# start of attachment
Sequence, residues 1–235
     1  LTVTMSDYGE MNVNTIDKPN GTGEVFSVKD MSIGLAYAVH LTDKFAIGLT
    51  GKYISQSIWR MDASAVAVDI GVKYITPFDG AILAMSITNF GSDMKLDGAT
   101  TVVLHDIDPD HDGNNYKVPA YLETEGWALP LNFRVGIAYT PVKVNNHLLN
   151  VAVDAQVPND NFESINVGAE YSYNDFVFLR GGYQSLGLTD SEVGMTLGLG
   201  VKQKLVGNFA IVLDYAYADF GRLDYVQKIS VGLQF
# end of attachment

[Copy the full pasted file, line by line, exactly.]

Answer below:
Sequence, residues 1–235
     1  LTVTMSDYGE MNVNTIDKPN GTGEVFSVKD MSIGLAYAVH LTDKFAIGLT
    51  GKYISQSIWR MDASAVAVDI GVKYITPFDG AILAMSITNF GSDMKLDGAT
   101  TVVLHDIDPD HDGNNYKVPA YLETEGWALP LNFRVGIAYT PVKVNNHLLN
   151  VAVDAQVPND NFESINVGAE YSYNDFVFLR GGYQSLGLTD SEVGMTLGLG
   201  VKQKLVGNFA IVLDYAYADF GRLDYVQKIS VGLQF